The train is gone, why does Talgo have to go with it?
The high speed train that Transportation Secretary Ray LaHood said would never die is now dead. Blame Scott Walker, blame citizens who wouldn’t get on board with the idea, blame LaHood for taking the money back after seeing the writing on the wall.
I’ve never been convinced that Wisconsinites would park their cars and hop the train. I know I wasn’t going to drive 5 miles from my home in West Allis to either the Intermodal Station or the planned Brookfield stop to board a train that would take longer to get to Madison than the drive.
So the train advocates are bemoaning the loss of the project and the 55 permanent jobs the line itself would have brought, but what I don’t understand is why does Talgo have to go?
Talgo announced Friday that it would close its Milwaukee manufacturing operations in 2010, citing the end of the high-speed rail project. They will keep a maintenance facility in the city, but move everything else to a more “train-friendly” state.
Currently, Talgo is hiring 125 workers to construct 2 train sets for the Milwaukee-to-Chicago Hiawatha line and 2 trains for the state of Oregon. None of those trains would have run on the line between Milwaukee and Madison. We still have the Hiawatha and the Empire Builder that runs to Minneapolis, so why the rush to leave?
Leaving the state because we won’t be using the product they make is idiotic. Milwaukee has a number of international businesses that make equipment for coal, gold and copper mining, and we don’t do any of those things here. In fact, the last mine in the state of Wisconsin closed over a decade ago.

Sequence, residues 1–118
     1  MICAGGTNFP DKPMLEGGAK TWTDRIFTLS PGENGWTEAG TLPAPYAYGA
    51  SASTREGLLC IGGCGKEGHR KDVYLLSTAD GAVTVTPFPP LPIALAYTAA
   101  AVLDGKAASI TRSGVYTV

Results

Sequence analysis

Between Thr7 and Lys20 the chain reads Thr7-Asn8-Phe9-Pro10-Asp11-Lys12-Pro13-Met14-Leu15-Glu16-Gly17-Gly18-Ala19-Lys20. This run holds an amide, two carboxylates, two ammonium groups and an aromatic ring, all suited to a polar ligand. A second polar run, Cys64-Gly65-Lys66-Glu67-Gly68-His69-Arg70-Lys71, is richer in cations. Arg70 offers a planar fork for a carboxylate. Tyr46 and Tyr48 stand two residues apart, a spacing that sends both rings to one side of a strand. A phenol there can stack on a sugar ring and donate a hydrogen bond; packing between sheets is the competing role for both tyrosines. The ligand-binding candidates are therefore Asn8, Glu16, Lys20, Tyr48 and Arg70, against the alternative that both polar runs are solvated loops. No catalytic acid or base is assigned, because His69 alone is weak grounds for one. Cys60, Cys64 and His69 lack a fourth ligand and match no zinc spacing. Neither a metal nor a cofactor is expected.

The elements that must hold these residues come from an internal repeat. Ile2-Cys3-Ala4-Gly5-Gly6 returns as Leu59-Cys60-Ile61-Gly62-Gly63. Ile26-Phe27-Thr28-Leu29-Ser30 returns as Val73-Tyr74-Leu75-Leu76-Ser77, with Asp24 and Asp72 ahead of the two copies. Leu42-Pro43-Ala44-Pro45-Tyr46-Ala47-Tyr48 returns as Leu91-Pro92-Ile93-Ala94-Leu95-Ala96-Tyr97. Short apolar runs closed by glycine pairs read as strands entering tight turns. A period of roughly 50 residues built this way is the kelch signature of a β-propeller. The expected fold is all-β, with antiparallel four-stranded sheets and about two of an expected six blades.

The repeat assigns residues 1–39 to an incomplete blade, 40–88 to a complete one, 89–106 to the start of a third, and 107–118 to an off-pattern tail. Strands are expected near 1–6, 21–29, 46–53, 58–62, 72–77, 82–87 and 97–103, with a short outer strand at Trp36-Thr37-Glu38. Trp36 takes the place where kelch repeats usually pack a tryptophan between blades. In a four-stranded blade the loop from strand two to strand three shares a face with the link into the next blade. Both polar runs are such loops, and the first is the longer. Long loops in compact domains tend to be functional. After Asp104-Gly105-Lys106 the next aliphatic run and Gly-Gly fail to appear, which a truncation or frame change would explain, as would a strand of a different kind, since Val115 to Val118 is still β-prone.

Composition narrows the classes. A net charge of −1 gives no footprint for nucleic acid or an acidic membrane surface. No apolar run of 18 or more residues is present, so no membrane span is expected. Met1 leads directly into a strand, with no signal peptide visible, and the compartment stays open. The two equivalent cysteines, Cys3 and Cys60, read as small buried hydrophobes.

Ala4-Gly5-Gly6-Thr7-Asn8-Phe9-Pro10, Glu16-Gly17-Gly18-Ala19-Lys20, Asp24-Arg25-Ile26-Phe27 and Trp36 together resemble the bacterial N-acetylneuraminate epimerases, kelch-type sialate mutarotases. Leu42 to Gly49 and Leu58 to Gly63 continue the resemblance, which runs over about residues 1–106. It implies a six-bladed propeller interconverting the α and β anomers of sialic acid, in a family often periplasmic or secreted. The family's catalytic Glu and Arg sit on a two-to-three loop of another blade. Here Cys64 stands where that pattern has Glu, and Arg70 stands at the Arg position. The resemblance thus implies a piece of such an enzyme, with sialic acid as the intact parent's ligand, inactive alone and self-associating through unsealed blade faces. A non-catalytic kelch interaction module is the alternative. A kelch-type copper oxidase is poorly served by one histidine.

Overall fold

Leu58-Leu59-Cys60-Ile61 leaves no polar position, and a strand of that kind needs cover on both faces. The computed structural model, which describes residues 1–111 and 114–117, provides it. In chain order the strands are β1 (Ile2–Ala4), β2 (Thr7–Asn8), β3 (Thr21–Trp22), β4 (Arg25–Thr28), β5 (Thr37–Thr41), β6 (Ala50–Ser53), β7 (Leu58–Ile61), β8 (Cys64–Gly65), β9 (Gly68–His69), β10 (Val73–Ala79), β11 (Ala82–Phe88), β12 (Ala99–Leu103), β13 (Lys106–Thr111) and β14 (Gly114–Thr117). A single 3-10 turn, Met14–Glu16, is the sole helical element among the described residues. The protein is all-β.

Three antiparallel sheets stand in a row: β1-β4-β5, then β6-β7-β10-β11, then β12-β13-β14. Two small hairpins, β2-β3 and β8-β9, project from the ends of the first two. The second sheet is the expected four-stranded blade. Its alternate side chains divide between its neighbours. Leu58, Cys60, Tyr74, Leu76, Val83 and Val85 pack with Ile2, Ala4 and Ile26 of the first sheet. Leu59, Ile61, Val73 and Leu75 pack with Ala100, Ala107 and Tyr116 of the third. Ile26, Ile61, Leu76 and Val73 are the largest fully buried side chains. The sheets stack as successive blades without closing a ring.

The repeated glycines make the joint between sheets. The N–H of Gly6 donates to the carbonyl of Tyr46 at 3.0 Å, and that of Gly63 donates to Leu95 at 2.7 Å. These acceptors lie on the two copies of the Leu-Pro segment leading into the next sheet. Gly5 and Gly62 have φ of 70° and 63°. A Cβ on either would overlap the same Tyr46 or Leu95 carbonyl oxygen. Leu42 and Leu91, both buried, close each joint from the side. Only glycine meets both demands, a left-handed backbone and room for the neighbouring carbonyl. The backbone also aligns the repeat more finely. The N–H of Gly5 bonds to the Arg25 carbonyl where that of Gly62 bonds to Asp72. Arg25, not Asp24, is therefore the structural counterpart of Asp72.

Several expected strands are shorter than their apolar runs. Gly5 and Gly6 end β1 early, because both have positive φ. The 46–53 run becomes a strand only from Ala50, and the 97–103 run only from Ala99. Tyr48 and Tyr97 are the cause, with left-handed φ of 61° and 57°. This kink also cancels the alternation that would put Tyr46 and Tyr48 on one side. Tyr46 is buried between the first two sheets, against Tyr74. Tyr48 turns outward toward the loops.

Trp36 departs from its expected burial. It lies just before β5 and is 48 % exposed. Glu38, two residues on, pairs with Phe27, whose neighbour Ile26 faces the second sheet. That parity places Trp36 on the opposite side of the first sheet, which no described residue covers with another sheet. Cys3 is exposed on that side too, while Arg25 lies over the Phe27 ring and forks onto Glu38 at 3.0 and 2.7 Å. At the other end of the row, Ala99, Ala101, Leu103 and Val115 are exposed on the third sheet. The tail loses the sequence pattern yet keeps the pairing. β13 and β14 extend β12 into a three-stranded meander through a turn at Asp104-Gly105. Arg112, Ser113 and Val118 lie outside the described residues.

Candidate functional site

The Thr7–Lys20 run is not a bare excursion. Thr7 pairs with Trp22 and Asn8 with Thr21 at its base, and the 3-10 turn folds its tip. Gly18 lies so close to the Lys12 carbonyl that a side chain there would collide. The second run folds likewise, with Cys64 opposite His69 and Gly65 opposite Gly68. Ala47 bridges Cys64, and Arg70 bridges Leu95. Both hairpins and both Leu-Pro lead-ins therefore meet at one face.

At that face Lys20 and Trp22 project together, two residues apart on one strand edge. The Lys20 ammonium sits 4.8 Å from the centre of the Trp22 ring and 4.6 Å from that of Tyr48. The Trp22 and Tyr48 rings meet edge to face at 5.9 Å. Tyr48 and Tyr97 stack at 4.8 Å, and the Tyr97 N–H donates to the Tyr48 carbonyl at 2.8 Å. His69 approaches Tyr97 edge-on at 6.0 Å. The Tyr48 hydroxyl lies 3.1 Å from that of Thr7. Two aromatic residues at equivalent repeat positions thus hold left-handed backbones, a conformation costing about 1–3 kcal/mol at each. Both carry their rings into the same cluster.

Using Talgo’s logic, maybe Bucyrus and Ladish should pick up and move to West Virginia, Colorado or even China, where their biggest markets are.
Talgo won’t say where they plan on moving to, but Illinois is a good bet. Gov. Patrick Quinn has actively been pursuing the company and LaHood did give our southern neighbor a nice chunk of the $810 million he pulled from Wisconsin.
I have no inside information, but I would guess that Talgo would have chosen Wisconsin to build trains due to the trained workforce, close access to suppliers and central location to North American markets whether we had the Obama-line or not. And with the soon-to-come reductions in income and business taxes, business regulations and revamped Commerce Department under Governor-elect Walker, doing business in Wisconsin will be a better prospect than in regulation-heavy Illinois.
Could this be a political game hatched up by Tom Barrett? He may look like a nice guy, but underneath he’s probably the same kind of cold, strategizing politician who is looking forward to his next election and higher offices.
Barrett now has a point he can dredge up for the next four years as he tries to figure out how pry Walker out of the governor’s chair. That argument, along with Barrett’s threatened suit against the state to recoup the funds used for the long-needed cleanup at the old Tower Automotive site, sound more like sour grapes than the “grown-up leadership” Barrett touted during the election.
Instead, Barrett should work with Walker to keep Talgo here – hold them to their contract with the city, build up the benefits we still have as a manufacturing state and the benefits that will be coming. Talgo leaders should look at the next two years as an investment to be built upon, and not a temporary stop.
- Talgo’s Wisconsin Trains Find Home In… Nigeria - Jeramey Jannene - Jan 18th, 2022
- Eyes on Milwaukee: Why Talgo Stays in Milwaukee - Jeramey Jannene - Sep 12th, 2019
- Eyes on Milwaukee: Talgo Lands $139 Million Contract - Jeramey Jannene - May 14th, 2019
- Eyes on Milwaukee: New Locomotives for Amtrak - Jeramey Jannene - Sep 1st, 2017
- The Return of Talgo - Graham Kilmer - Jul 17th, 2017
- Plenty of Horne: Welcome Back, Talgo USA! - Michael Horne - Nov 25th, 2016
- Eyes on Milwaukee: Talgo Coming Back to Milwaukee - Jeramey Jannene - Sep 26th, 2016
- Op-Ed: Walker’s High Speed Folly - Spencer Black - May 26th, 2016
- Murphy’s Law: The Twisted Tale of Talgo - Bruce Murphy - Aug 25th, 2015
- The Last Train from Talgo - Bruce Murphy - May 29th, 2014
Read more about History of Talgo in Milwaukee here